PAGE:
When Donald Hayden, a 25-year veteran of Bristol-Myers Squibb, joined WindMIL Therapeutics as its executive chairman, he figured he would steer the ship until the company’s board picked a permanent CEO. But as he got to know the company and the marrow-infiltrating lymphocytes from which it takes its name, he “threw his hat into the ring” and came out the other side four months later as WindMIL’s full-time chief.
It is his first full-time executive role since leaving Bristol-Myers back in 2006.
“I left BMS almost exactly 13 years ago, in March 2006, and I did continue to work full-time, it’s just been a different type of employment,” he told FierceBiotech. He’s advised a number of companies over the years, including Regenxbio, Amicus Therapeutics and the VC firm Prospect Venture Partners, and estimates that he has chaired about 15 boards.
“Over the last few years, I’ve concentrated my focus on a few companies and a few boards, and have really wanted to play a much more complete role in those companies,” he said. “I had created some space to do other things and that effort coincided with moving into the interim CEO role at WindMIL.”
WindMIL, which is based in Baltimore and Philadelphia, was founded upon the work of Ivan Borrello, M.D., and Kimberly Noonan, Ph.D, of Johns Hopkins University. It is working to develop what it calls marrow infiltrating lymphocytes (MILs); its approach involves extracting, activating and expanding T cells taken from a patient’s bone marrow.
WindMIL wants to develop MILs both as a pipeline of treatments and as a platform that can be tweaked to create new types of T-cell treatments.
“Memory T cells derived from bone marrow have a specific set of characteristics that we believe makes them particularly effective in the treatment of both hematological and solid tumors,” Hayden said. These are what WindMIL refers to as unmodified MILs.
On the other hand, modified MILs are T cells that have been genetically modified such as by attaching a chimeric antigen receptor (CAR). WindMIL reckons that combining its technology with CAR-T—making “MIL CARs”—could improve the success rate of CAR-T therapies. The company’s MIL CAR work is in the preclinical stage.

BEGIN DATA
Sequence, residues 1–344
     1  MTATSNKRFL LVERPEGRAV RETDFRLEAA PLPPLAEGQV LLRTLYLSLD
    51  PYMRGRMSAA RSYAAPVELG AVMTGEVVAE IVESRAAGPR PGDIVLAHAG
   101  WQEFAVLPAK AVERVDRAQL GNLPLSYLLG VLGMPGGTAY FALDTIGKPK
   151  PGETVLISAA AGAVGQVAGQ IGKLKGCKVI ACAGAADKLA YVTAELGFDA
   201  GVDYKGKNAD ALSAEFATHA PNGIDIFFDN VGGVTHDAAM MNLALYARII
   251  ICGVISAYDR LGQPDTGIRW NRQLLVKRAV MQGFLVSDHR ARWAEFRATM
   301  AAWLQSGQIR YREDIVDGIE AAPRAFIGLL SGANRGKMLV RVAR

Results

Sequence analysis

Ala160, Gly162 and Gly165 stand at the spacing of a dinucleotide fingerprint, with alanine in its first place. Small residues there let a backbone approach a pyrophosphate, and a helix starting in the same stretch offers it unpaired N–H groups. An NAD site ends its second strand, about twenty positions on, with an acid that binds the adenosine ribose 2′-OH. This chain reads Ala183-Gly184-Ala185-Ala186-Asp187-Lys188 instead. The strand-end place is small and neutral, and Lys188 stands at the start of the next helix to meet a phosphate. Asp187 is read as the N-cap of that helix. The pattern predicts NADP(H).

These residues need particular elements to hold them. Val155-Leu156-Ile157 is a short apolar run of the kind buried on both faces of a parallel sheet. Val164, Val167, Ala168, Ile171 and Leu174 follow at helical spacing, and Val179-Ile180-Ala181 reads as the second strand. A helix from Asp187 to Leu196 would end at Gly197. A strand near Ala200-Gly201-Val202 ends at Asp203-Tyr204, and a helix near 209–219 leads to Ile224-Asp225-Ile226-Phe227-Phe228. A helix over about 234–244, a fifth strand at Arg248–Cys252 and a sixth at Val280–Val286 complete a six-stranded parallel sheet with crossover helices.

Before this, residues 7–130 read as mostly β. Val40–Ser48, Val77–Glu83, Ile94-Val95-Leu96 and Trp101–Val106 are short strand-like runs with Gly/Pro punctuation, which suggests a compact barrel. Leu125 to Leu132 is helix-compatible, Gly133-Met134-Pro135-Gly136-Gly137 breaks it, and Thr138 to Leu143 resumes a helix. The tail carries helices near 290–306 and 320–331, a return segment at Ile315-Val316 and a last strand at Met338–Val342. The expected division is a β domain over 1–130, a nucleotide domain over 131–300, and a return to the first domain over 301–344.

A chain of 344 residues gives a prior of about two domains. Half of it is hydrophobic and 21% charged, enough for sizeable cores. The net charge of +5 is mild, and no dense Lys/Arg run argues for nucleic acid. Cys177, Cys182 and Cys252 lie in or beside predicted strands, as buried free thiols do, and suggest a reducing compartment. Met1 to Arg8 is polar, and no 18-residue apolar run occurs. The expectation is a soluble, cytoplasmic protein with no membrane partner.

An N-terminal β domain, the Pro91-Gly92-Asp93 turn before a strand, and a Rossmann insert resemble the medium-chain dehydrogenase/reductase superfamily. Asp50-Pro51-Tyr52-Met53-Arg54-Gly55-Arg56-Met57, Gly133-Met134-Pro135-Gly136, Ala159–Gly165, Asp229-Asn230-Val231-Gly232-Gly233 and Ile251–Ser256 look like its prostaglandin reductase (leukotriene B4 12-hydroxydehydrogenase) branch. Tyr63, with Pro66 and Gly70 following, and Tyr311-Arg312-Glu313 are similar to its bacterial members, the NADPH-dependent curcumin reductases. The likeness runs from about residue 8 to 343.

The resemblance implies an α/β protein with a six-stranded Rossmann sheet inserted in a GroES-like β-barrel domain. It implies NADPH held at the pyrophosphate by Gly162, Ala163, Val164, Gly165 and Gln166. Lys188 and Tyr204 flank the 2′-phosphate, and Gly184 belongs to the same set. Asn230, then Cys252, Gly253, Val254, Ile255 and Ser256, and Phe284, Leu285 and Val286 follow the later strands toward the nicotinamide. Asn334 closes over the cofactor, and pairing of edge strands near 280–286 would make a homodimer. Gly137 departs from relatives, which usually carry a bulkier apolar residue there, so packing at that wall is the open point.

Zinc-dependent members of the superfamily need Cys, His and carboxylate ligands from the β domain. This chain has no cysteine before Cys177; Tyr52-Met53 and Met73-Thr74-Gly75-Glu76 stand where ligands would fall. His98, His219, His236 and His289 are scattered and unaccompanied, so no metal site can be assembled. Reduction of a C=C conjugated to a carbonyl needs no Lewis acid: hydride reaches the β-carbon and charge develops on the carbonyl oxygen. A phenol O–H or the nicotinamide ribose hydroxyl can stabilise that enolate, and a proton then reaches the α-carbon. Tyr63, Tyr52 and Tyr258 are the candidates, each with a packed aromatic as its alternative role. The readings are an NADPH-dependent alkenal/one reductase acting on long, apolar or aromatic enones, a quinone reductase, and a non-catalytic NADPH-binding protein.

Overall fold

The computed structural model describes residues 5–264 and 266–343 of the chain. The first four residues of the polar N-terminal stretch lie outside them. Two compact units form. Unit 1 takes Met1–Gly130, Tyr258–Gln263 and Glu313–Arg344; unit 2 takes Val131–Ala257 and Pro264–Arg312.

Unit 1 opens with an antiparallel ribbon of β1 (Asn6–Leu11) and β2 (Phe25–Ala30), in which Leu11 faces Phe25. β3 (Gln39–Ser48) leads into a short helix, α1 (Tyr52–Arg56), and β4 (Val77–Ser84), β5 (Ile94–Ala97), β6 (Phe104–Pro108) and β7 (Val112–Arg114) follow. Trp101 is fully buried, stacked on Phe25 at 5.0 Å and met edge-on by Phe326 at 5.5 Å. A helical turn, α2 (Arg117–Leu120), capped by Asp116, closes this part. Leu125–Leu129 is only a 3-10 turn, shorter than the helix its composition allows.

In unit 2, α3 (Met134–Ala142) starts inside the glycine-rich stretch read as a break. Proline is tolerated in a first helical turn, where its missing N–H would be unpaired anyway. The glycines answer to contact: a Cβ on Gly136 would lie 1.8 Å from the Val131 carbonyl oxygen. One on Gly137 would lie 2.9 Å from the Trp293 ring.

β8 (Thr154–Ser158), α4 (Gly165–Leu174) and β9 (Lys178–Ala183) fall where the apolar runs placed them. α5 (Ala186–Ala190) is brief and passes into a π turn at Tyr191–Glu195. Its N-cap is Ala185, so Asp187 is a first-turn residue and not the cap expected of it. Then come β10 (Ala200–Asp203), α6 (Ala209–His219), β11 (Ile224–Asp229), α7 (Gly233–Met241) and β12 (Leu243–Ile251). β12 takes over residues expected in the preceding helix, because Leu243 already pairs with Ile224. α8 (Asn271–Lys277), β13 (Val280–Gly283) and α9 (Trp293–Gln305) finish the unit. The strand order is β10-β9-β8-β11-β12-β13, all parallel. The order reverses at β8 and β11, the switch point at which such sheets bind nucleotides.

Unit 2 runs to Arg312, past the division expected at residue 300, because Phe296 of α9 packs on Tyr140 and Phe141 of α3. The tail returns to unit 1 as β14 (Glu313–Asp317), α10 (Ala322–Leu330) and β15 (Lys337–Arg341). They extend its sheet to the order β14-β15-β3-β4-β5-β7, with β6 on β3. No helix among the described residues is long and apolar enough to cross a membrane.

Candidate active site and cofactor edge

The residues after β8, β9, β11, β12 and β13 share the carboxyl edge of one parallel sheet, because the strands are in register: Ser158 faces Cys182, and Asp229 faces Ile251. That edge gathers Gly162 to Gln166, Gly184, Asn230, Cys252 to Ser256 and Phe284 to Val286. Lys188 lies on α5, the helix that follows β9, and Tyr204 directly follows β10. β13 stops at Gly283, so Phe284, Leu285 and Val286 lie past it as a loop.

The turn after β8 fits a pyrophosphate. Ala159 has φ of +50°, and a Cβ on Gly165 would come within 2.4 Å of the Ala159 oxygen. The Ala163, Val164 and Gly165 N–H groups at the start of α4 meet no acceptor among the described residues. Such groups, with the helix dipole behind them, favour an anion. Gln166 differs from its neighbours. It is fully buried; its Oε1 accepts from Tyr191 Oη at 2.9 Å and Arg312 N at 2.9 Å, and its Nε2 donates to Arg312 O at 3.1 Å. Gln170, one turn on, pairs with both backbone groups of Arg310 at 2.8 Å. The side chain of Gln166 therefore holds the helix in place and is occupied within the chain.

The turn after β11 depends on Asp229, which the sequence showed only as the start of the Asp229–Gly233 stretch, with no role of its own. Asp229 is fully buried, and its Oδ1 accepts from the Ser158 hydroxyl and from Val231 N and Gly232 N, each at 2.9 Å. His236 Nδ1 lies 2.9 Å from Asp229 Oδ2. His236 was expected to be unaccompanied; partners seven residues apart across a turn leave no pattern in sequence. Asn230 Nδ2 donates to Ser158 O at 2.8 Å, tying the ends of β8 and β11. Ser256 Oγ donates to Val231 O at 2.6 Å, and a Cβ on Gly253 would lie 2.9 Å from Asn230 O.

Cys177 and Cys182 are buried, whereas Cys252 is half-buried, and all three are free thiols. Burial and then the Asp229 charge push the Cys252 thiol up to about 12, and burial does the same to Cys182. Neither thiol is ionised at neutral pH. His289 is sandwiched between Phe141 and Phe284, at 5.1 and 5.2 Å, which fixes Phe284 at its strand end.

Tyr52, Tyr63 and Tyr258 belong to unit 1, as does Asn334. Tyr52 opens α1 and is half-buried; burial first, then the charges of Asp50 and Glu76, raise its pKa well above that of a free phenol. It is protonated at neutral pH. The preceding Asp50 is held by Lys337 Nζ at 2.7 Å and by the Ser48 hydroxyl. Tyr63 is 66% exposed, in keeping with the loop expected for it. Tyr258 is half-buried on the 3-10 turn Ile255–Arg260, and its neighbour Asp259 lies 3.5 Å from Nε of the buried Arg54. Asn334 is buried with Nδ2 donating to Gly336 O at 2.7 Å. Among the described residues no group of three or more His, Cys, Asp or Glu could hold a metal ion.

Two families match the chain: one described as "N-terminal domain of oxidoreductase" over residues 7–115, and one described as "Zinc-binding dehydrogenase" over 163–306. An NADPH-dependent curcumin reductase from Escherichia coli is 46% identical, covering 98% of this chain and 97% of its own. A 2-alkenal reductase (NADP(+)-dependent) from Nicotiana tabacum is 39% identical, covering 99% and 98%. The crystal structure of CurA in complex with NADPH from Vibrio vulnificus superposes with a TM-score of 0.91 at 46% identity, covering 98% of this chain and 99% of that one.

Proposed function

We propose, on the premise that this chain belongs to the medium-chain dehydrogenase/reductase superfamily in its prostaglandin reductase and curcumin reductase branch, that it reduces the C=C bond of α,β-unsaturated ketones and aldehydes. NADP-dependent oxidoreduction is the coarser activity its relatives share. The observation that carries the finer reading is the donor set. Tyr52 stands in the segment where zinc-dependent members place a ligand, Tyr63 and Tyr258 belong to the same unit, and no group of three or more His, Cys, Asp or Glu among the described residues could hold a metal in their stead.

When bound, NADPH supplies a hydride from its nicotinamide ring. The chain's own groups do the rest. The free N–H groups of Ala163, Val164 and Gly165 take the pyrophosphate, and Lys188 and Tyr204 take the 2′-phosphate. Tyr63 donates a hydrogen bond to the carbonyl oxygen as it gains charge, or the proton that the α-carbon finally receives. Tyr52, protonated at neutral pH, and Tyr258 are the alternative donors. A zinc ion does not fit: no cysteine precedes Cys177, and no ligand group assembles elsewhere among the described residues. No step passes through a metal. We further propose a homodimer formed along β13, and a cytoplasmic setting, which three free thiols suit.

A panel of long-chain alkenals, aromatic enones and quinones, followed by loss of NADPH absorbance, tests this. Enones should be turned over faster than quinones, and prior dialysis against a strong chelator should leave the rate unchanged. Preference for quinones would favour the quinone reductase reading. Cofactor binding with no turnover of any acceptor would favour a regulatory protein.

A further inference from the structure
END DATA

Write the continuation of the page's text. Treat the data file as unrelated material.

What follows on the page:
CAR-T treatments like Kymriah and Yescarta use T cells taken from a patient’s blood, Hayden said. Though CAR-Ts have shown promising results in blood cancers, the response they elicit can be short-lived, and they have seen limited success in solid tumors. Using marrow-derived T cells rather than T cells from peripheral blood could address those issues, he said.
Johns Hopkins has done a small phase 1 study in 25 patients with high-risk multiple myeloma—that is, patients who have relapsed and are difficult to treat—and is running a larger phase 2 trial in the same type of patients. The phase 2 study will read out in the second half of 2020. Meanwhile, WindMIL will focus on bringing its unmodified MILs into the clinic for solid tumors.
“We will, this quarter, file an IND seeking approval to begin a phase 2 clinical trial of MILs in non-small cell lung cancer later this year. We will be looking at patients who are either refractory to, or relapsed on, PD-1 therapy,” Hayden said. The company expects to generate data for that study in the middle of next year.
As for MIL CARs, WindMIL is in talks with a number of companies in the CAR-T space who’ve already developed CAR-T technology. It wants to move as quickly as possible, developing CAR MILs, moving them into the clinic and ultimately to patients, and it thinks the best way to do so is “through a partnership of some sort,” Hayden said.
Founded in 2016, WindMIL has been building out its leadership team lately, adding a chief development officer, vice president of operations and a vice president of process science and manufacturing all in the past few months. Its headcount is 15—“hopefully soon to be 16,” Hayden said—with its staffers divided evenly between Philadelphia and Baltimore.